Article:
Trend 2: Why We Seek Comfort
When life overwhelms us, putting too much on our plates metaphorically, we fill our literal plates with comfort foods. This can lead to breakfast as an appetizer, salad or main dish. We highlight a few of the better ideas… READ THE FULL TREND
Trend 3: The Business of Comfort Food
A consistent bright spot in foodservice, breakfast sales exhibit consistent growth. With every channel competing for market share, including retail, is there room for more? The answer is yes—breakfast offers fertile ground for new entries...READ THE FULL TREND
The latest Incredible Breakfast trends impacting our morning fare all relate to the 80 million strong Millennial generation and its attitudes about food. The desire to eat whatever/whenever is blurring daypart boundaries and sparking creativity within the breakfast segment.
Trend 1: Millennials: Taking over
Millennials will soon inherit the Baby Boomers’ crown as the most important customer group for the foodservice industry...READ THE FULL TREND
Trend 2: Daypart blurring proteins
The Millennial habit of eating whatever/whenever they want is eroding daypart boundaries and moving traditional breakfast proteins along with them...READ THE FULL TREND
Trend 3: Creativity makes economic sense
A huge factor in consumers’ choice of restaurants is the ability to customize their food. That feeling of control comes with a certain satisfaction and makes consumers less price-sensitive...READ THE FULL TREND
Out of maternal instinct, your mother may have told you breakfast is the most important meal of the day. But now there’s scientific evidence to support it. Getting a jumpstart on the day, fueling body and mind with protein—lots of protein—and lean protein—is simply, nutritious.
Trend 1: Mom Was Right
Breakfast is the most important meal of the day, or so generations of American Moms told us. But even they might be surprised at how wise that was...READ THE FULL TREND
Trend 2: Protein: It’s Good for Us; We Need It; We Want It
The recognition of high protein foods as critical to improving vitality and well-being has made them one of the most sought-after nutritional choices among American consumers...READ THE FULL TREND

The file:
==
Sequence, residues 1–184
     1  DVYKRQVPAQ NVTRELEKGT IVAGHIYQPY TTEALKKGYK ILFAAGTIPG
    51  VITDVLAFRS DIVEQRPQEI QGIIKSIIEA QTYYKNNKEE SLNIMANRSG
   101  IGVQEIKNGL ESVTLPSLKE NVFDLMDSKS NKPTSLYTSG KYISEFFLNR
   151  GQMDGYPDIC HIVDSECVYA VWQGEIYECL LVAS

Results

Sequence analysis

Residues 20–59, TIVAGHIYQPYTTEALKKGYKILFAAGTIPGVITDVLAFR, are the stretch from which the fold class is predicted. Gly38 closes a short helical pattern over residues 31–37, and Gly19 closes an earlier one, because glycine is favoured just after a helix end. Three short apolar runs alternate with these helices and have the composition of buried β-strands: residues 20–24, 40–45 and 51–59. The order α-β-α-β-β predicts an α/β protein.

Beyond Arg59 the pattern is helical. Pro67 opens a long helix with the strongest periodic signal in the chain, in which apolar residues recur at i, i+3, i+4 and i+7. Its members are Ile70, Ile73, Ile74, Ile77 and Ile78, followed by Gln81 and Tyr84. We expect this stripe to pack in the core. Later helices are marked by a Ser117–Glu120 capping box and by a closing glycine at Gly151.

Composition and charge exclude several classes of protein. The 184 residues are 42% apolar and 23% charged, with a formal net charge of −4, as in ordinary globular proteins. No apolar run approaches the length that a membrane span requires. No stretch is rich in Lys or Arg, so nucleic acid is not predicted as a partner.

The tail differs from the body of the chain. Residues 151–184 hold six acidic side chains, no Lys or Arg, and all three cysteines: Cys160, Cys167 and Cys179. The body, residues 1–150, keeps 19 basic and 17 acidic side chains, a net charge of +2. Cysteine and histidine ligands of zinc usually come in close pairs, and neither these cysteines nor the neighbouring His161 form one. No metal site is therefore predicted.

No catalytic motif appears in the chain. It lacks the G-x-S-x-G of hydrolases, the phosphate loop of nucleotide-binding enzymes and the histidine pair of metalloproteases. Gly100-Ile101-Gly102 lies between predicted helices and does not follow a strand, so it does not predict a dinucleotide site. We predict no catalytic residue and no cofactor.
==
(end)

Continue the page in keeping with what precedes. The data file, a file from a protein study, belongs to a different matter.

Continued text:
Trend 3: Leaning Toward Leaner Proteins
The classic American breakfast anchored by eggs with a side of bacon or sausage is still enjoyed today but with many more options than only a few years ago...READ THE FULL TREND
Today’s Breakfast Influencers are inspiring the most creativity in the morning daypart. So take a look at who’s scrambling to make breakfast a profitable endeavor via food trucks. And then check out the strong and growing impact of Latin and Asian cuisines on breakfast fare.
Trend 1: Food Trucks roll out edgy creativity
One growing category of food trucks is devoted specifically to the breakfast daypart and entrants into this area are defining their businesses with diverse types of offerings...READ THE FULL TREND
Trend 2: East meets West for breakfast
This year’s National Restaurant Association survey of American Culinary Federation chefs showed ethnic-inspired breakfast items were still among the top “hot” U.S. food trends. And Latin foods are unquestionably the No. 1 type of ethnic food Americans eat...READ THE FULL TREND
Trend 3: Latin influences spice up morning repast
In its annual survey of American Culinary Federation chefs, the National Restaurant Association found ethnic-inspired breakfast items were among the top 20 “hot” food trends at U.S. restaurants for the second year in a row...READ THE FULL TREND